New Rules: White House was COVID Deep Cleaned for Biden Arrival


While cleaning and preparing the White House is part of a myriad of details surrounding the arrival of a new president, this time around, the 55,000-square-foot mansion also had to be deep cleaned because of COVID-19.

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The White House has seen multiple COVID outbreaks under Trump’s presidency, most notably during the ceremony for the swearing in of Amy Coney Barrett in October. Dr. Anthony Fauci went on to call the ceremony a “superspreader event” after the former president and former first lady, former New Jersey Gov. Chris Christie, former top Trump aide Kellyanne Conway, Republican Sens.Thom Tillis of North Carolina and Mike Lee of Utah, University of Notre Dame President John Jenkins and a White House journalist became infected with the virus, according to NBC News.

For the arrival of President Biden and the first lady, more than $200,000 was spent for increased White House janitorial and housekeeping work, including $127,249 for inaugural cleaning and $44,038 for inaugural carpet cleaning, according to an ABC News report citing government contracts. An additional $29,523 was spent cleaning curtains for the inauguration. The cleaning contracts went to Didlake, a Virginia-based company providing employment to people with disabilities.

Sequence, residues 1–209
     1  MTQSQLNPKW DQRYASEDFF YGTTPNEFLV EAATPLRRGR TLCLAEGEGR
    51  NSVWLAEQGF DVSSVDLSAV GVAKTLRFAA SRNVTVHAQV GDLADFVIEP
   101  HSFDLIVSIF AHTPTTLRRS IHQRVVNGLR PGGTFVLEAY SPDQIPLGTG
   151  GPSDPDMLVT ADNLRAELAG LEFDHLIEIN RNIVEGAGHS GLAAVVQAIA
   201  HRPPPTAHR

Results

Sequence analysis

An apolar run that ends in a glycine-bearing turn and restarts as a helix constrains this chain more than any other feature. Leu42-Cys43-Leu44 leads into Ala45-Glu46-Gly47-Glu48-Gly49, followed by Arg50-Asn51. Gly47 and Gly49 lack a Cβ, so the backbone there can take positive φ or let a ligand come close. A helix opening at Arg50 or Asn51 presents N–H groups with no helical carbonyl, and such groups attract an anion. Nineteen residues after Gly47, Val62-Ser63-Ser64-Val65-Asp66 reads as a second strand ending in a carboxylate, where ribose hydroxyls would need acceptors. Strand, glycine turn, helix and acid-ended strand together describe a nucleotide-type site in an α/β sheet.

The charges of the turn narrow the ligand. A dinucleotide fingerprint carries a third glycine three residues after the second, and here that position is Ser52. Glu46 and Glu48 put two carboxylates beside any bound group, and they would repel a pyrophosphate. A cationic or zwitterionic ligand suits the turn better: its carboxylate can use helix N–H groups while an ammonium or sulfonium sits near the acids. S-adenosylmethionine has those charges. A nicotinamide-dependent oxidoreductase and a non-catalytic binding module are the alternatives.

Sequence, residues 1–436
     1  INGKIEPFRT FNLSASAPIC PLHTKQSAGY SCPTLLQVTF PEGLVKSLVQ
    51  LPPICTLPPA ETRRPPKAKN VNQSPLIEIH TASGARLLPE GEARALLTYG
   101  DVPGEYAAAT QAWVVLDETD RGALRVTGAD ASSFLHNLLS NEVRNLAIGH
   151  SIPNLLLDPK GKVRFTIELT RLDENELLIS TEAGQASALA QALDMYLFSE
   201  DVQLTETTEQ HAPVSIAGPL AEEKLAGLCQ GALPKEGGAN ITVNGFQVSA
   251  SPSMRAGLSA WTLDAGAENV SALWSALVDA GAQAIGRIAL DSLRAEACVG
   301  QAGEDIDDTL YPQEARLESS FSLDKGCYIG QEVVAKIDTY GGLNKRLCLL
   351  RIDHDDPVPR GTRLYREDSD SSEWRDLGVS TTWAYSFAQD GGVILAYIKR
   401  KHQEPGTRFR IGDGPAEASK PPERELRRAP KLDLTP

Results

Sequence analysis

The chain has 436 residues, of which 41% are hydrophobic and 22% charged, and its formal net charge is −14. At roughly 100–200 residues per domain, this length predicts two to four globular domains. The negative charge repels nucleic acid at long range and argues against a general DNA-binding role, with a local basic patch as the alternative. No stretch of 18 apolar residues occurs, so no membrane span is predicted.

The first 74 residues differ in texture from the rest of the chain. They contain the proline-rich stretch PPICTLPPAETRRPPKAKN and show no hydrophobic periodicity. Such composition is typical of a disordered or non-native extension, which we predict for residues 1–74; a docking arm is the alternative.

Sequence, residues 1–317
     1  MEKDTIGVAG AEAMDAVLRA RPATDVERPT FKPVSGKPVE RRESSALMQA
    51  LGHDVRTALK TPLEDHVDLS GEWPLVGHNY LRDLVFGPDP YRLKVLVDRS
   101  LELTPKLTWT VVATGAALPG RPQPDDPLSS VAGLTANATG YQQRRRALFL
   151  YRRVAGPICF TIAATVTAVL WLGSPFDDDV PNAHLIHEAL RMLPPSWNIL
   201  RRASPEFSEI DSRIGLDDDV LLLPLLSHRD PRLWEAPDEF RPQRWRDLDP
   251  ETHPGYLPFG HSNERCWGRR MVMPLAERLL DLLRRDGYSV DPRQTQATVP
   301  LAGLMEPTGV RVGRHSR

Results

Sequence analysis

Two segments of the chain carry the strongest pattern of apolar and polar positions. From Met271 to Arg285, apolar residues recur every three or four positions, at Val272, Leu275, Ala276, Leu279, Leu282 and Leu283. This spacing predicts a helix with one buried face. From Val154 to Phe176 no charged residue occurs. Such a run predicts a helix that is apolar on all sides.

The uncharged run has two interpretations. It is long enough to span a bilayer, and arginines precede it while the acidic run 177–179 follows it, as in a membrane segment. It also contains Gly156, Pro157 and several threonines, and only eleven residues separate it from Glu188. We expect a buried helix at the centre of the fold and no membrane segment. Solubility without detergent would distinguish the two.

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In addition, there was a $115,000 contract to install new carpeting in offices in the West Wing, East Wing and the Eisenhower Executive Office Building, according to ABC News.

A U.S. General Service Administration spokesperson told ABC News that “GSA will thoroughly clean and disinfect the building spaces between the administrations and ensure that everything is up to standard. Cleaning will include, but is not limited to, all furniture, flooring, window treatments, handrails, doorknobs, light switches, countertops, elevator buttons, restroom fixtures and dispensers, door handles and push plates, and lighting fixtures.”

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About the Author

Yaël Bizouati-Kennedy is a full-time financial journalist and has written for several publications, including Dow Jones, The Financial Times Group, Bloomberg and Business Insider. She also worked as a vice president/senior content writer for major NYC-based financial companies, including New York Life and MSCI. Yaël is now freelancing and most recently, she co-authored  the book “Blockchain for Medical Research: Accelerating Trust in Healthcare,” with Dr. Sean Manion. (CRC Press, April 2020) She holds two master’s degrees, including one in Journalism from New York University and one in Russian Studies from Université Toulouse-Jean Jaurès, France.
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